Sunday, October 30, 2005

The Cervix and the Heart

MaGreen and I attended the first evening of a birthing class. When we walked into the teacher’s home, I suddenly felt nervous, vulnerable in this room full of strangers. The other couples had already settled into chairs. Our teacher, a woman named Lu, is also a midwife in the hospital-based group we’re going to for pre-natal visits and the delivery.

“This class isn’t outcome oriented,” she said with a New York accent, “it’s not if you do this, you get this. No, see, I’m going to help you build up resources that you can call on depending for whatever challenges that come up.” This sounded right to me.

Lu continued with some basics about delivery. She waved her arms around as she talked. She grabbed a brown doll and thrust it through her favorite prop – a fake pelvis. At one point, she rolled her index finger around the tip of her nose, “Normally the cervix is kind of like cartilage.” Then she opened her mouth and pulled at her cheek from both sides, “But when it’s dilated, it’s like aahhh, yeah nice and soft and flexible, aahh.”

Despite Lu’s unabashed use of her own face to explain the cervix, I couldn’t help but let my attention drift. Part of me wonders if I wasn’t able to focus because at some level, even though we have chosen to go with midwives and natural birth, I’m uncomfortable with the rhetoric of natural motherhood and whole mothers.

Lu asked us to talk about our fears. One man, whose wife looked like she might give birth any second, said, "My employers have better give me leave or I'm going to quit."

An expecting father who looks like a lawyer started explaining the Family Medical Leave Act when another expecting father, a guy with a crew cut and a drawl, said with astonishment, "You have to work and make money."

Then this man's wife, a rather shy woman, said, "I'm afraid that I won't be able to breastfeed."

After talking about breastfeeding and lactation consultants, Lu moved on. She asked each person to draw a picture that represented pregnancy. After about ten minutes, we shared our pictures with the group. Four of the first eight people drew big hearts.

The father with the crew cut had drawn his own big heart with his wife and child inside. He said, “Even though I haven’t seen the baby, I feel more love than I could have imagined.” I liked this guy. He was so earnest. But in light of his astonishment at paternal leave, his drawing bothered me. I could just see his wife stuck at home breastfeeding and the second-wave feminist inside of me started shouting, “See! All this talk about natural birth and motherhood is about keeping women out of the workplace!” It’s like the husband’s drawing of his heart, even though it symbolizes love, defined the strict and debilitating gender divisions in our society with the man as breadwinner and woman as caregiver. Heart as prison.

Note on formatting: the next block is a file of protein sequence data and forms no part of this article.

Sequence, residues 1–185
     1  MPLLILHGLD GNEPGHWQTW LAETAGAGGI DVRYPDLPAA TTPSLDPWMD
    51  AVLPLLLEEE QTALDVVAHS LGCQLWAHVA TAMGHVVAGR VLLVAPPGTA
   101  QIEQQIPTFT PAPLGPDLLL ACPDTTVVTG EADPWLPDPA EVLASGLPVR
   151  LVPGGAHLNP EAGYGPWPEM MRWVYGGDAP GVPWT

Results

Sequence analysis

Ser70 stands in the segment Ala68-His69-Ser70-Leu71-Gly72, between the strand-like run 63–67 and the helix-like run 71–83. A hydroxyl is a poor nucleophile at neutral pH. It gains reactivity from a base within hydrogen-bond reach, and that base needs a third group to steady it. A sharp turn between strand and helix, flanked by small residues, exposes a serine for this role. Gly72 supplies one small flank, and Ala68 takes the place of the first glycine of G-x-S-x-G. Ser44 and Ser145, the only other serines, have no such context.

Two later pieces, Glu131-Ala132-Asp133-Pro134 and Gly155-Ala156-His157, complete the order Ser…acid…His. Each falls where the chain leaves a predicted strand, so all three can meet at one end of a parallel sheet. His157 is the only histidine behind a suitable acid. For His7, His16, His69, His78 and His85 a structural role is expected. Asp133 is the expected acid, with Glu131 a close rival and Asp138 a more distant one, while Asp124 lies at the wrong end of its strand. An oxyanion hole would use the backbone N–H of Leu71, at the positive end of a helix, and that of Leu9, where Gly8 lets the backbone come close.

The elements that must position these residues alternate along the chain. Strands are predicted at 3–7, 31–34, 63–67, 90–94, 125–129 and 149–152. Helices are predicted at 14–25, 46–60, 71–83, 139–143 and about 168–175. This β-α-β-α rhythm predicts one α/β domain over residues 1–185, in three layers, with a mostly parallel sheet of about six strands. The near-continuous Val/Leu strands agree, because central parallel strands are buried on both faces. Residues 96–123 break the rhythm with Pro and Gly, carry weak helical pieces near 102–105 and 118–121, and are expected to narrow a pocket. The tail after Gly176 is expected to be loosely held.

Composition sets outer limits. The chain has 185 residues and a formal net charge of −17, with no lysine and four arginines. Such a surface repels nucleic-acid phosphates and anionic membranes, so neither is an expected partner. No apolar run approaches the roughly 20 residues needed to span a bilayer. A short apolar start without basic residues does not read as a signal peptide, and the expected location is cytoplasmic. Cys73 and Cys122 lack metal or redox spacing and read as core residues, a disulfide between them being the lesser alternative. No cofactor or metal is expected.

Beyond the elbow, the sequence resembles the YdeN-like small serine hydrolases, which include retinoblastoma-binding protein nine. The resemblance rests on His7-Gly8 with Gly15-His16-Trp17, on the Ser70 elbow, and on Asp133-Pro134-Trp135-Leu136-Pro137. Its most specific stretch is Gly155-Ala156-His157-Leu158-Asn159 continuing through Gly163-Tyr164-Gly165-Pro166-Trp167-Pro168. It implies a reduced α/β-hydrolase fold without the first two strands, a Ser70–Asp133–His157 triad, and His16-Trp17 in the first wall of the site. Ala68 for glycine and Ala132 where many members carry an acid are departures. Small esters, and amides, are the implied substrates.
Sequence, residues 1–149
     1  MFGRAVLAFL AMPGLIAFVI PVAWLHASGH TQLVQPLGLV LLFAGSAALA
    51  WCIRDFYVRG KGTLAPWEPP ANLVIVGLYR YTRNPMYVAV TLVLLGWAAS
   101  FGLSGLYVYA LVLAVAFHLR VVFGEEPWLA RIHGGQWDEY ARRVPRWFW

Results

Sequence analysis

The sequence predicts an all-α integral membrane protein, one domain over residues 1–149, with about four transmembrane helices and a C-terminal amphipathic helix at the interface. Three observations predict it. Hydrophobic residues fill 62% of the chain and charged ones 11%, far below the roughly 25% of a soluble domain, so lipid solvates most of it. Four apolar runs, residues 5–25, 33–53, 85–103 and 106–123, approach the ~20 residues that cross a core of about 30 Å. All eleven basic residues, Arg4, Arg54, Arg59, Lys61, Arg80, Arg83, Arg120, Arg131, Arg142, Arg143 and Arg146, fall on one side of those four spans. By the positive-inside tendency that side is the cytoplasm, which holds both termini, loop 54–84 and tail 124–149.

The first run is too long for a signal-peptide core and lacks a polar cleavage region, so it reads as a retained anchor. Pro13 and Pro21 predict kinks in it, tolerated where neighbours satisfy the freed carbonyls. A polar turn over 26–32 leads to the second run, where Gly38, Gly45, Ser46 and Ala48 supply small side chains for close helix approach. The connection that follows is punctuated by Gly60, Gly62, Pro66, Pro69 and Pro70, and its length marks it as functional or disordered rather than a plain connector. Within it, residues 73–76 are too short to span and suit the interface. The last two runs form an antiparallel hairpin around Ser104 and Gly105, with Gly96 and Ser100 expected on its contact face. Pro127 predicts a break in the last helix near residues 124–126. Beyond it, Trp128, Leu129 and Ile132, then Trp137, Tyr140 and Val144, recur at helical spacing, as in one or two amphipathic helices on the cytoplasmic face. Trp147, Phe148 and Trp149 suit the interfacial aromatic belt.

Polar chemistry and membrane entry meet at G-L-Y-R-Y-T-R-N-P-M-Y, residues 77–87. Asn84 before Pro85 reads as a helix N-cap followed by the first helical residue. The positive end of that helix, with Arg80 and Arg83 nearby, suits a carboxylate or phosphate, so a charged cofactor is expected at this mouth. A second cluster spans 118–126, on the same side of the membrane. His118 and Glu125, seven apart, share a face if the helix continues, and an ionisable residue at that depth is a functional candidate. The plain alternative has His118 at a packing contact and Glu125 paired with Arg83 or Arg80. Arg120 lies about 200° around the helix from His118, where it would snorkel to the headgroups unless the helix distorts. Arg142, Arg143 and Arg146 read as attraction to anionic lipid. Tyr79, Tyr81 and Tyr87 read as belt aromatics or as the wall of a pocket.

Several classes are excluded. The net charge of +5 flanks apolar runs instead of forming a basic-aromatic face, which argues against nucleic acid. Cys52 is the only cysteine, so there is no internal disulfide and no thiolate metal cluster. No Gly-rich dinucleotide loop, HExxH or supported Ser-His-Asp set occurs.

When my turn came, I blabbered as I held up my picture of a multi-headed, multi-armed version of MaGreen. Our baby is floating outside MaGreen and there are lots of miniature people clamoring around. One of MaGreen’s faces has a sardonic expression, another has its tongue sticking out like Kali, and the third one is looking up with a smile. One hand holds a book, another signals “no fear”, another “I give what you need”, and another holds a spinning, serrated discus that can chop off people’s heads. I’m a burning spirit blending into the background. I said that despite seeing the ultrasound, hearing the heartbeat, and feeling the strong kicks, the baby was like a possibility to me and not quite real.

Lu thanked me for describing how many men feel pregnancy is more of an idea than a physical reality. But I felt disappointed in myself. I couldn’t explain how pregnancy feels fraught with tensions; how it forces all my values, relationships, commitments, hopes, and limitations on the table; how it makes the gender inequities in our society personal; and how there are too many hang-ups, fears, and histories for me to think of pregnancy as a big heart.

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